Those who were not worried often felt mediocre, like showing two avatars building a sand castle to represent an article on Facebook that launches the Kids Messenger app. Your Genie goes through the screen filing Bitcoin before someone breaks the bubble in any of the scenes today. The best I've seen was perhaps a model of what the Genie could have sent after the Las Vegas tragedy that encouraged people to read a Newsweek article on how to donate blood.
As a social application, avatars are too distorted in specific situations for general use, and as a news reader, it feels random and ineffective. The team has a powerful idea, and the graphics are pretty, but the performance on the content needs to be worked on.
Trying to make magic
"We did a bunch of applications, and they sucked" Nigam says about earlier products that his team built before the Genii. "We think they're going to explode and there will be 16 users." Born and raised in Silicon Valley's Mountain View, Nigam is the kind of guy who's dreamed of launching his own app since he's been pretty old to be allowed to use them.
He met his co-founders during hackathons while studying computer science at the University of Michigan. They raised a seed and built a failed group chat app called Blend while she was working in a tiny room adjoining a mosque in San Jose. They had a poor exit opportunity for Blend and refused it. See Bitmoji hovering around the App Store # 1 for years convinced them that there was greater wealth in the space of the avatar.
Now they have passed Blend to Genies with $ 15 million over a few rounds of traditional investor financing like NEA, Capital Foundation, Box Group, Great Oaks, Lerer Ventures and Trinity Ventures. The entertainment industry was also supported by CAA Ventures, production management company 360, Bobby Maylack of Prizeo / Represent and Thomas Tull, former CEO of Legendary Pictures. And strategic celebrities are also funding the startup, including NBA star Russell Westbrook, great footballer Joe Montana, musician Shawn Mendes, and former stars of Vine Cameron Dallas and Jake Paul.
They see a lot of revenue opportunities in Genies, which could easily do product placement and sponsored content in its animated scenes. "Your Genie is showering Gatorade" suggests Nigam. "We can monetize every time we want to turn on the faucet." The startup also plans to allow you to buy the clothes you've put on your Genie, or even get your plaster avatar on custom merchandise. "Brands are really fascinated by the wheels, we could do a whole wheel Supreme," he says, referring to the wear and tear of fashionable urban fashion.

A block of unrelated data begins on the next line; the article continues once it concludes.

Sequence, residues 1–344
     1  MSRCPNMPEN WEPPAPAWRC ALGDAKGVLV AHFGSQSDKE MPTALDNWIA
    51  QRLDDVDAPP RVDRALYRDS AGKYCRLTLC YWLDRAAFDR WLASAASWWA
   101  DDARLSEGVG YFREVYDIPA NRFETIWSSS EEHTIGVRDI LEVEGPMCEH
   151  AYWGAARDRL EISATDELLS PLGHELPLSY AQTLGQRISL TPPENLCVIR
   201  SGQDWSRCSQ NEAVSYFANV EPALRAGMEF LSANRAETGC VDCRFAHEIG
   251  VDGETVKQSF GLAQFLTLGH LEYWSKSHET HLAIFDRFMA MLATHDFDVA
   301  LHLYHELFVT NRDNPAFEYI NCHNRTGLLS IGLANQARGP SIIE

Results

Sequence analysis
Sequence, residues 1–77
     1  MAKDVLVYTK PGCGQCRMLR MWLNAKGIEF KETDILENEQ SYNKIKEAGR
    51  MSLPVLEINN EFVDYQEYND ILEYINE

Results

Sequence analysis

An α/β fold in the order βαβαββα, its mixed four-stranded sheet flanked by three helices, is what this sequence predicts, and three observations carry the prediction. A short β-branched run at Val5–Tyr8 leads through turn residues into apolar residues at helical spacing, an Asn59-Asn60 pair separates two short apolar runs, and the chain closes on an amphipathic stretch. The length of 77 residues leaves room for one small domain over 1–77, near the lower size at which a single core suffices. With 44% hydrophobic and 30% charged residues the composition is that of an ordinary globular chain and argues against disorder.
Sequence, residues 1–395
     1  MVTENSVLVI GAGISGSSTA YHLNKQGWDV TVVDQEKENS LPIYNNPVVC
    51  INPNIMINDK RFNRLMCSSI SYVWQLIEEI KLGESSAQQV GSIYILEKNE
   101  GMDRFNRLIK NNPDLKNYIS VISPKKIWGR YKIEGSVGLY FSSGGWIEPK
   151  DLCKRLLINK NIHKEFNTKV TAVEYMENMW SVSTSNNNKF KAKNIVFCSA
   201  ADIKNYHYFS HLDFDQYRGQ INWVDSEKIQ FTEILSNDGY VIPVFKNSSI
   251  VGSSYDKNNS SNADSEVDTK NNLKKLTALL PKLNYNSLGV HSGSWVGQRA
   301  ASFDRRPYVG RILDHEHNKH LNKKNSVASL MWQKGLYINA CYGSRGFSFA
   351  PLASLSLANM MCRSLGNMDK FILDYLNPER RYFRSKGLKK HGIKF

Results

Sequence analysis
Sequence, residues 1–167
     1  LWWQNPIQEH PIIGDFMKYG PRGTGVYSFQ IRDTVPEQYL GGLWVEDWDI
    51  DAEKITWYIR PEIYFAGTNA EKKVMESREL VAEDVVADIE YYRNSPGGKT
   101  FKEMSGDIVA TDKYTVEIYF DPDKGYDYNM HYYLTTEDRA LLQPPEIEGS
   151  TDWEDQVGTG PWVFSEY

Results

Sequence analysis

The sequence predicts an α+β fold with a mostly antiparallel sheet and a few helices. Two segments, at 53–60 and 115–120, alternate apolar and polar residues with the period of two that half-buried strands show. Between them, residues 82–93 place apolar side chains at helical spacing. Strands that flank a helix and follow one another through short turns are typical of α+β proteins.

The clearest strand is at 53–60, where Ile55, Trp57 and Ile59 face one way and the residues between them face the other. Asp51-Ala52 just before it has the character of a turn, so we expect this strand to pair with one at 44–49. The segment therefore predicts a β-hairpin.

Now, the company has offices in Silicon Valley and Los Angeles, as well as engineering offices in Bucharest. "We take street kids to our office every day to test them," says San Francisco, who does not always know what's fashionable. The startup has spent the summer on an aggressive college marketing campaign, with tons of slightly dressed models wearing Genies merchandise and signs asking the company to "Make My Genie". All these listings on the waiting list could help him score points today.
When asked what he would do if Snapchat's Bitmoji started to play the news too, Nigam replied that they "would force you to live inside Snapchat itself" rather than to share elsewhere. And just to dig the dagger a little deeper, he said, "They are a trend that may have already reached its peak."
Maybe I show my age by being put off by some of the content. Nigam boldly states, "We do not really trust people in products unless we actively talk to teens all the time." But being a news editor, even one that looks like nothing, can be more complicated 39, it appears there. Snapchat had to make great efforts to teach news organizations how to discover the Z-generation channels. And Facebook is counting on how much damage can be done with fake news.
Genies has a lot of potential. The idea of a mini-visually depicting the news is fun, and it's wise to use other messaging apps instead of trying to create another stream. Yet the content feels squeezed and half-cooked at times, and could either not attract users or be too thin to persist as more of a fad. He has a lot of money and connections to find the talent needed to improve the scenes, however. And if avatars become something everyone wants, that might be enough in the meantime.